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Compare car manufacturer warranties
Compare car warranties from several popular manufacturers and find out which one is the best fit for your unique set of needs.
A manufacturer’s warranty is designed to give you peace of mind when you buy a new car. That said, not all warranties are created equal and you should be sure to compare car manufacturer warranties before you invest in a new vehicle. This is because each warranty will offer different features and benefits as well as different exclusions.
Finding the right match for your unique set of needs can be a determining factor in what type of car you end up purchasing.
What is a car manufacturer warranty?
A car manufacturer warranty is a promise made by your vehicle manufacturer to take responsibility for any faults or defects that may occur in your first few years of car ownership. If there are issues, the manufacturer typically pays to fix the problem by covering the cost of repairs.
Car warranties are usually expressed as a number of years and kilometres, with the warranty expiring once either milestone has been reached. For example, a warranty of 3 years or 100,000 kilometres would expire 3 years after the date of purchase or once you’ve driven 100,000 kilometres – whichever comes first.
Most manufacturers offer a limited warranty that is included for free when you purchase your vehicle. You may also be able to purchase an extended warranty to cover parts and labour beyond the time period and mileage included with your limited warranty. Adding extended coverage to your policy will typically cost a few thousand dollars more.
How do car manufacturer warranties compare?
You can find the highlights of limited warranty plans from several major car manufacturers below. For most of these manufacturers, you’ll also be able to purchase extended warranty coverage for an additional fee.
How does it work?
If your car has a defect covered by its warranty, the first thing you should do is contact the dealership where you purchased your vehicle. In most cases, you’ll bring your car to the dealership’s auto shop or a licensed mechanic that partners with the car dealer. The mechanic will fix the car, and all costs will be covered under your warranty.
What is usually covered under my warranty?
What’s covered under your warranty will vary depending on which manufacturer you go with. Most warranties include some form of bumper-to-bumper and drivetrain coverage (usually lasting for three to five years, depending on the make of the car). Others will cover extras such as damage due to perforation/corrosion, malfunctioning emissions systems and low battery life.
To find out exactly what your warranty will pay for, you can read through the warranty documents that came with your new car or contact the dealership where you bought it. Just be aware that your warranty is only designed to fix manufacturing defects that already exist in the car or become apparent before the warranty is up. It’s not designed to cover routine maintenance or damage due to collisions.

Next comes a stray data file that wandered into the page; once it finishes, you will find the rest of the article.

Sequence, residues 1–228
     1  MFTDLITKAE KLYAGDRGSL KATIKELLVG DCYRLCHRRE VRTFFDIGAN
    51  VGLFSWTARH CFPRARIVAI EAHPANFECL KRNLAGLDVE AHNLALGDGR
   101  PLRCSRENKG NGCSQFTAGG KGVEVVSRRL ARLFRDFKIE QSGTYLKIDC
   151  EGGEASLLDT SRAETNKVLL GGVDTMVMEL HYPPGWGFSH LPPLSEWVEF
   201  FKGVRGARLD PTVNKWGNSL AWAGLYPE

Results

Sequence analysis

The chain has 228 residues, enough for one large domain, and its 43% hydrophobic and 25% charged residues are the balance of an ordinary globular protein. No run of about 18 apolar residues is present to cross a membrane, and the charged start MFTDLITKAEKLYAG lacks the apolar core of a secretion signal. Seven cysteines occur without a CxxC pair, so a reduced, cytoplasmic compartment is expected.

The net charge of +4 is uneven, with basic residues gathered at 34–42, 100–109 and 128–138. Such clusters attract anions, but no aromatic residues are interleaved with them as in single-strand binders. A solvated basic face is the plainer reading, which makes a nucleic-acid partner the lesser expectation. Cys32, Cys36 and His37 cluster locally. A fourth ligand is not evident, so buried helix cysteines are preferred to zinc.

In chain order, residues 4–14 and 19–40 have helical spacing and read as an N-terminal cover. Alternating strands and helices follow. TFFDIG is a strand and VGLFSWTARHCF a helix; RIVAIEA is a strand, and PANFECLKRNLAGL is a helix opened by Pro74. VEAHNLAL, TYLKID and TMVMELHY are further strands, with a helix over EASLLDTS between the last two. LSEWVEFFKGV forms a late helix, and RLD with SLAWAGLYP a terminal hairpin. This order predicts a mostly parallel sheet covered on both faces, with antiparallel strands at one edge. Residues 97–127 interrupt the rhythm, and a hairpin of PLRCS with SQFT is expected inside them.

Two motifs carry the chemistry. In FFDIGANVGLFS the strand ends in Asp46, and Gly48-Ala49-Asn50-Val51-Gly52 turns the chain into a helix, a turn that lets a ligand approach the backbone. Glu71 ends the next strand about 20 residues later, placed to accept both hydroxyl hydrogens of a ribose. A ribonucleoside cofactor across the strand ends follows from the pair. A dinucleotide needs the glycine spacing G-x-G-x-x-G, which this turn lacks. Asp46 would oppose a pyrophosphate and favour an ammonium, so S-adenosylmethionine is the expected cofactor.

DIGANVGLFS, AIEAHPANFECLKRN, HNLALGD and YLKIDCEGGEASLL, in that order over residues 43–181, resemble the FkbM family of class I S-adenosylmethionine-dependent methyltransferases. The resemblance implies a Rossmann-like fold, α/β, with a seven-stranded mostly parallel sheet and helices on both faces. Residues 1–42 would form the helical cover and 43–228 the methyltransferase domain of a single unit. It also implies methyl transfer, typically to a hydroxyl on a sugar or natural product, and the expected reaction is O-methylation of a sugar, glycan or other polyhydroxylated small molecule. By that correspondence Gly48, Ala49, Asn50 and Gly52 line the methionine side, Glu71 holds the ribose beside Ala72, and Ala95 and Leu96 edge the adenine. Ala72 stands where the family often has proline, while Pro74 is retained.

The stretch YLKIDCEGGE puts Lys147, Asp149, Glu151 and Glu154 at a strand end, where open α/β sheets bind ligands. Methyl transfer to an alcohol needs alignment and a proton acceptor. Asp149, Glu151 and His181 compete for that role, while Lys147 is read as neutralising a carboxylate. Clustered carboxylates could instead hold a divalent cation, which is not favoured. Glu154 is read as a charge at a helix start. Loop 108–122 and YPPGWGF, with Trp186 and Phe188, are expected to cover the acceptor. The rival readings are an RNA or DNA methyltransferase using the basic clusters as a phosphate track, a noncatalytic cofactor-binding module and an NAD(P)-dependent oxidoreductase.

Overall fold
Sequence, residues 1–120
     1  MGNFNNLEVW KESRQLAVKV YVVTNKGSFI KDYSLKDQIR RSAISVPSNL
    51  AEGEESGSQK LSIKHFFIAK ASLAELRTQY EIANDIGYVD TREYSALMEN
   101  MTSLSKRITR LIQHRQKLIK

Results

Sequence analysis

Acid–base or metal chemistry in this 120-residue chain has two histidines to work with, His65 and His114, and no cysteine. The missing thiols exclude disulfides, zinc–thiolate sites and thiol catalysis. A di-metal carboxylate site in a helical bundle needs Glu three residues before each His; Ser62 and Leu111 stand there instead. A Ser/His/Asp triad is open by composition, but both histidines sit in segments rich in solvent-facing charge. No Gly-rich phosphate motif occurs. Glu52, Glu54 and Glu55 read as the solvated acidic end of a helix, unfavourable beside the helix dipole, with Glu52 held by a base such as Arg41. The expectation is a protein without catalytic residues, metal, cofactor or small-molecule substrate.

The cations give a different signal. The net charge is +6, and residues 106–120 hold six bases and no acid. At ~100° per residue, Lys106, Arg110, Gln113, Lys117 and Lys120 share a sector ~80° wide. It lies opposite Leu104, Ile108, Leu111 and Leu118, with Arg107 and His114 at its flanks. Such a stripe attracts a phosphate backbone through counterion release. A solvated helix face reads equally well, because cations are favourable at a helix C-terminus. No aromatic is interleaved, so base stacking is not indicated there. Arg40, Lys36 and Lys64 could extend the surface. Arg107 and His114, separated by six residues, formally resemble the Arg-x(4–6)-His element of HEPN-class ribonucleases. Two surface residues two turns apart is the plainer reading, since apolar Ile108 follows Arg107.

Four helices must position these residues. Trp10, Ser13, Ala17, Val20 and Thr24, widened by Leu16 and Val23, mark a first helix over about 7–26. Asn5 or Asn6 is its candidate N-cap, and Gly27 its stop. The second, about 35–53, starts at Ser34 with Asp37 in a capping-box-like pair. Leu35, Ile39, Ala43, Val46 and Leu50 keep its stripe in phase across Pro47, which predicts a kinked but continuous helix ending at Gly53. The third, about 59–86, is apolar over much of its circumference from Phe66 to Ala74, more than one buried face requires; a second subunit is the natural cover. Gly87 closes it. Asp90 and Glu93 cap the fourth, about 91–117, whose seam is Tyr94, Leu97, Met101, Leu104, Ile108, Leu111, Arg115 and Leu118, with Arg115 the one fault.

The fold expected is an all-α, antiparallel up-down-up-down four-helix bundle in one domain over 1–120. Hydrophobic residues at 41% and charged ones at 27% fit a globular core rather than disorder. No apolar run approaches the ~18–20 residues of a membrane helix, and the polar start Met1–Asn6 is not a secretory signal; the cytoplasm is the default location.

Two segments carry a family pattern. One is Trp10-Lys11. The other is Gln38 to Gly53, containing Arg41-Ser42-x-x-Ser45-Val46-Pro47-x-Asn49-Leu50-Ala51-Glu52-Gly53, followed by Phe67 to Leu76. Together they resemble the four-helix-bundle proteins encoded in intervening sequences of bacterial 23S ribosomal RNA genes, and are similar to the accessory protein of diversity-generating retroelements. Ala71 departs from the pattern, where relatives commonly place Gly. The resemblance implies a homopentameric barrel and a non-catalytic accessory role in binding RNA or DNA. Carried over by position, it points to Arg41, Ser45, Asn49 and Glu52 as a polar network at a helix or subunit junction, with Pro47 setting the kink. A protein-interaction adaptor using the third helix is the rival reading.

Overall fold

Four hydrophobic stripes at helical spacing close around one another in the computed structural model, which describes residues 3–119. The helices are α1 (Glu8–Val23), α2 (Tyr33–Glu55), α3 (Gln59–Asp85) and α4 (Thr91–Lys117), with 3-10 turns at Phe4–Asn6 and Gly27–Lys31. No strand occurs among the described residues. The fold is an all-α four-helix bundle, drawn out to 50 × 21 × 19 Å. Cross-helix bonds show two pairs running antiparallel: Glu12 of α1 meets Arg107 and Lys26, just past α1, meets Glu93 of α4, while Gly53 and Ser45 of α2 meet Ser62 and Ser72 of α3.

What restrictions usually apply under a car warranty?
A warranty generally doesn’t cover cosmetic damage or wear and tear that occurs to the vehicle, even during the warranty period. That said, a select few will cover small incidentals such as adjustments and consumable parts (including light bulbs, filters and brake pads). This coverage will usually only last for up to a year after you purchase your car.
Most warranties won’t cover the following incidentals:
- Damage to the car resulting from an accident
- Damage resulting from misuse of your car
- Items that tend to wear out over time, such as brake pads and tires
- Routine servicing and maintenance
Types of car warranties
Understand your rights under different types of car warranties:
- Manufacturer’s new car warranty. Every new vehicle is covered by a manufacturer’s warranty. These are the most comprehensive warranties and cover almost all manufacturer defects for a limited time.
- Used car warranty. A used car purchased from a dealership will typically come with a warranty. This warranty may be less comprehensive and last for a shorter time than a warranty offered by a new car manufacturer.
- Extended warranty. Extended warranties or vehicle service plans are offered by dealerships and third-party companies. They’re intended to provide coverage after your warranty expires. Unfortunately, they’re not usually worth the extra cost when you factor in the average cost of repairs that occur in the time your coverage is extended for.
- Lemon laws. While not technically a warranty, you may have legal protection if you’re sold a faulty car. If you purchase a lemon from a Canadian auto dealer, you can contact your provincial or territorial consumer affairs office for more information about how you might be able to protect yourself or seek restitution.
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All major car manufacturers that sell cars in Canada offer some sort of warranty – but not all warranty options are created equal. This is why it pays to carefully weigh out your options before you settle on the vehicle you want. Taking the time to find a comprehensive warranty can help you save on maintenance costs down the line. And choosing the right car loan can help you save on costs throughout the life of your car.
Frequently asked questions
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